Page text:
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Elective Courses

ChE 5895 Special Topics: Biomimetic Formulations (3 cr) - Spring 2008

Lecture/Lab Course

Instructor: John H. Brekke, DDS
UMD Chemical Engineering – Lab 112 & 171: (218) 726-8311
Contact At Home Office: (218) 525-3867

Recent advances in cell and molecular biology, together with development of sophisticated biomaterials, have unlocked therapeutic potentials that not long ago would have been consigned to tales of science fiction. However, the very real healing benefits of these advances can not become clinical realities until cell biologists, engineers of all stripes and clinicians integrate their disparate talents into new approaches for providing adult tissue regeneration. To this end, we present a study of tissue engineering, based on principles of cell biology and materials engineering, employed in a construct designed as a minimally invasive treatment for lower back pain. Vertebrae

Intervertebral disc (IVD) degeneration results in chronic back pain exposing the US to over $30 billion in annual direct health care costs and $100 billion more of indirect costs to society at large. Human IVDs are composite structures of a gelatinous internal nucleus pulposus (NP) surrounded by a more rigid lamellar annulus fibrosus (AF). NP consists of chondrocyte-like cells suspended in a meshwork of proteoglycans and Type II collagen. Interactions between the rigid AF and the NP maintain normal biomechanical homeostasis and integrity of the IVD. NP degeneration is characterized by loss of proteoglycans, decreased synthesis and increased denaturation of Type II collagen and progressive dehydration. Alteration of NP composition results in loss of its normal mechanical and biochemical functions leading to symptomatic musculoskeletal disorders of the spine; lower back pain.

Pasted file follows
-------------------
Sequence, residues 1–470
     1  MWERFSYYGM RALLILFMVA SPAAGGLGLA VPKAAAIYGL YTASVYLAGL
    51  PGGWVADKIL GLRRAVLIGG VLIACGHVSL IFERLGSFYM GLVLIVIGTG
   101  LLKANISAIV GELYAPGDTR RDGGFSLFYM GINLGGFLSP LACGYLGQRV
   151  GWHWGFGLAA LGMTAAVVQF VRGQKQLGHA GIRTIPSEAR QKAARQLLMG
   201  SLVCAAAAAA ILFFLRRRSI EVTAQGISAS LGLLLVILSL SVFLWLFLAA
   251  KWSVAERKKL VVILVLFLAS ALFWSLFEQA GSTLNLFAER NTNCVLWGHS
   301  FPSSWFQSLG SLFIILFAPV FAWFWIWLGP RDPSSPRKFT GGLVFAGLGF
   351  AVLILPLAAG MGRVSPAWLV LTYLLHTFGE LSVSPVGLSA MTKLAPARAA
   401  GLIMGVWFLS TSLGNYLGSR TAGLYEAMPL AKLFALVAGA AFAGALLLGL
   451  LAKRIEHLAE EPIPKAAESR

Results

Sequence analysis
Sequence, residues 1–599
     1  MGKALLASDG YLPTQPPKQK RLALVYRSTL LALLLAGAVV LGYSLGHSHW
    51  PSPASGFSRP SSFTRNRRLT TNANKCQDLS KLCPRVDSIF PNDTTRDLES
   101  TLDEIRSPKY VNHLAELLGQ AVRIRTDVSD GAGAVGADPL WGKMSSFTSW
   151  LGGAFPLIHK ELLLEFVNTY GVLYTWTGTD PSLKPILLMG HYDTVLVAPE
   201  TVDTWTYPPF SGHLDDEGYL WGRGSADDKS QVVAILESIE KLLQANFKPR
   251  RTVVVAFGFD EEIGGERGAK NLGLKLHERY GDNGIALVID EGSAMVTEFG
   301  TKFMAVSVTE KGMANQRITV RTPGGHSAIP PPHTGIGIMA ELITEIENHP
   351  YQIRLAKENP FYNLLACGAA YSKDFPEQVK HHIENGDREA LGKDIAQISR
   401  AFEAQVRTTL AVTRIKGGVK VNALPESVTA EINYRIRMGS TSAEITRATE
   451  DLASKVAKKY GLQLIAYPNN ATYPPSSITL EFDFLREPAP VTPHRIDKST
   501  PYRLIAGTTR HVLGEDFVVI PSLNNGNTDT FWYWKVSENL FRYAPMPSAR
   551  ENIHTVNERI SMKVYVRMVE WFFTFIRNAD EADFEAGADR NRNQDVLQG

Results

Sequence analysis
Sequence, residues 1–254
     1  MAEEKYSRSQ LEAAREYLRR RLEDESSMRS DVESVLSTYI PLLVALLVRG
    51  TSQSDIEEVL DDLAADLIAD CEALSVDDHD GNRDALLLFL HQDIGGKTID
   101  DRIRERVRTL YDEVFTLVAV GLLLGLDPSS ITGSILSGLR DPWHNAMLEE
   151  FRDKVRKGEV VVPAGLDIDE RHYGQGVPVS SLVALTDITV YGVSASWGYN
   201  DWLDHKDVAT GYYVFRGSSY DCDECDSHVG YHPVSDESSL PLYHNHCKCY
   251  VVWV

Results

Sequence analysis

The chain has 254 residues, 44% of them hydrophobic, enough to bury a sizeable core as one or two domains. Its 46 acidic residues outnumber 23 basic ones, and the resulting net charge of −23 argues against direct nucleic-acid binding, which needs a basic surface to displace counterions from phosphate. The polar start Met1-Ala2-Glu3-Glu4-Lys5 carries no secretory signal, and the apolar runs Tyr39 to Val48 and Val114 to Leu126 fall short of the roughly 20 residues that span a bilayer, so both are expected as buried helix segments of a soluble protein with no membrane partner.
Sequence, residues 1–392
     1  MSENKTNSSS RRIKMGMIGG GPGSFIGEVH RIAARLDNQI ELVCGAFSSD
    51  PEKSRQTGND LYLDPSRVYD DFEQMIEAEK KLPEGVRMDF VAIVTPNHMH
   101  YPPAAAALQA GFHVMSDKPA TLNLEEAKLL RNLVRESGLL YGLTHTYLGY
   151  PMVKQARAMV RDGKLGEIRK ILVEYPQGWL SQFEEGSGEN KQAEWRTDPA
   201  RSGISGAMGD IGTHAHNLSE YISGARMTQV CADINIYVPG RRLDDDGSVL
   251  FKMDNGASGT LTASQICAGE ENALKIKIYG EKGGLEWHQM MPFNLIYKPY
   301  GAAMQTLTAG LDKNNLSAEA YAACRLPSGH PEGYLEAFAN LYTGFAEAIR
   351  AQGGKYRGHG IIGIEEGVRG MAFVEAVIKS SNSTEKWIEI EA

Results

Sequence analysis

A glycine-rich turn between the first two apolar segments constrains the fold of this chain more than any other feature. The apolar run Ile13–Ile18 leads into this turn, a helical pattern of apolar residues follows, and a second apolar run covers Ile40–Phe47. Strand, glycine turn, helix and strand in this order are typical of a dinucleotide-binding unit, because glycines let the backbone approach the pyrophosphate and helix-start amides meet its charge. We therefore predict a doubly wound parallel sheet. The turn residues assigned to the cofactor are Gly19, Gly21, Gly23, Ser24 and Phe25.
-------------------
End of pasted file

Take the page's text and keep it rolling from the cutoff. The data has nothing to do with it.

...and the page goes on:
The adjacent figure shows microscopic fibers of hyaluronan (HY) and chitosan (CT) formed as a polyelectrolytic complex (PEC) within a hydrogel of unreacted hyaluronan and chitosan. This composite material, 93% water, is a candidate for rehydration of deteriorated NP and could be considered as a culture matrix for stem cells differentiation to chondrocyte-like cells appropriate for seeding to the (NP). ChE 5895 will fabricate this 3-D hydrogel matrix, seed it with human mesenchymal stem cells and differentiate these cells toward the chondrocyte phenotype. If successful, this system would become an embryonic tissue capable of treating degenerative NP tissue by rehydration, implantation of a viable chondrocyte cell population, increased concentrations of proteoglycans and Type II collagen as well as integration of exogenous HY and CT into existing proteoglycans of host tissue.

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